Best Practices in Assay Validation
Flow cytometry is a well-established approach used in numerous clinical assays across the globe. But like most assays used in a clinical setting, flow cytometry assays typically need to be validated before they can be used for diagnostic or clinical research purposes.
Assay validation is done to demonstrate that a method is accurate, specific, reproducible and robust over a designated range of measurement. Flow cytometry is considered an analytical method, and according to the FDA, flow cytometry assays need to meet specific analytical method validation criteria. A validated assay can then be used in situations requiring GLP/GCP (good laboratory/clinical practice) compliance, like a clinical trial or routine diagnostic test.
Interested in the nuts and bolts of flow cytometry assay validation? Validation is usually what follows assay development. Validation is done to confirm that the method is fit for its intended use and the assay meets specific criteria with respect to stability requirements, accuracy, precision, specificity, detection limit, limit of quantitation, linearity and range, ruggedness, and robustness.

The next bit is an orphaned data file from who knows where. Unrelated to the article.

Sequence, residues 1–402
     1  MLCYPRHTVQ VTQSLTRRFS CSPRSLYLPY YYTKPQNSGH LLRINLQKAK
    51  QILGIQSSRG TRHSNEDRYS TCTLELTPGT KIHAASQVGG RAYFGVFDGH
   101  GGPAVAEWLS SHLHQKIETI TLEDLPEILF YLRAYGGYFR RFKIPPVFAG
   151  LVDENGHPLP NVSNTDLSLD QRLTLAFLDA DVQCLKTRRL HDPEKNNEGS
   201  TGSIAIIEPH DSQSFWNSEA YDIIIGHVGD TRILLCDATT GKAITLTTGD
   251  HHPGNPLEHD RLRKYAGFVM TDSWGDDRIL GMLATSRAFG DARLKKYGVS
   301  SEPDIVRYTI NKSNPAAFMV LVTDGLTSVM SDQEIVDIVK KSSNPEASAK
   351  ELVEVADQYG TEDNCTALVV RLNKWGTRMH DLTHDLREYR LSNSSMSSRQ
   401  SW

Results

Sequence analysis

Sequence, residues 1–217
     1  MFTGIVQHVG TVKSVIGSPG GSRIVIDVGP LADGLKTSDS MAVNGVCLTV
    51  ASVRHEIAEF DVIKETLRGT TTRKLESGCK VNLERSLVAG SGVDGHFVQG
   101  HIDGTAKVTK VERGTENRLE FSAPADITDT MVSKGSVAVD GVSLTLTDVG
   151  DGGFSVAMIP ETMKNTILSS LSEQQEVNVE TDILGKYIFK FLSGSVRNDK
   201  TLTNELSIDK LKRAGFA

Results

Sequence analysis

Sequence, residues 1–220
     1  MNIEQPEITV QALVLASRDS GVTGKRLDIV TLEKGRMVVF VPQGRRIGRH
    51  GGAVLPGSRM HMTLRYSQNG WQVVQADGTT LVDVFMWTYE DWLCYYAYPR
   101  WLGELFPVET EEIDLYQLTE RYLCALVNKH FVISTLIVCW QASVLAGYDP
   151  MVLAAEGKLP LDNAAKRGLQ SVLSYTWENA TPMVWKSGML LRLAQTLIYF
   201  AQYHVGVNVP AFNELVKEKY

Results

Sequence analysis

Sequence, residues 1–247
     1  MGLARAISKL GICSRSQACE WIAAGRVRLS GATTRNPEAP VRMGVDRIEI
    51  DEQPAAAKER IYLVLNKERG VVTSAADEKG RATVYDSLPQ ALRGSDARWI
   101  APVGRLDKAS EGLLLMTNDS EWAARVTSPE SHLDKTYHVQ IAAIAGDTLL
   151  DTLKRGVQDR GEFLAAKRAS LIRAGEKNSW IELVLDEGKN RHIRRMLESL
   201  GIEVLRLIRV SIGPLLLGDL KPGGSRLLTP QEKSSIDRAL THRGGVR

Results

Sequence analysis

Flow cytometry assay validation can be done in as little as two to four weeks for a simple multicolor assay or up three months for a more complex assay. If you are doing work that requires assay validation, you should spend time working with experts in validation as you plan your validation process. You may also need input from regulatory experts to make sure you are examining all the right criteria. Validation involves extensive documentation, so this is something else you’ll need to plan for and consider. In some situations, you may need to carry out inter-assay and inter-laboratory assessments of reproducibility and robustness.
So, venture fearlessly into validation and take your assay to the next level.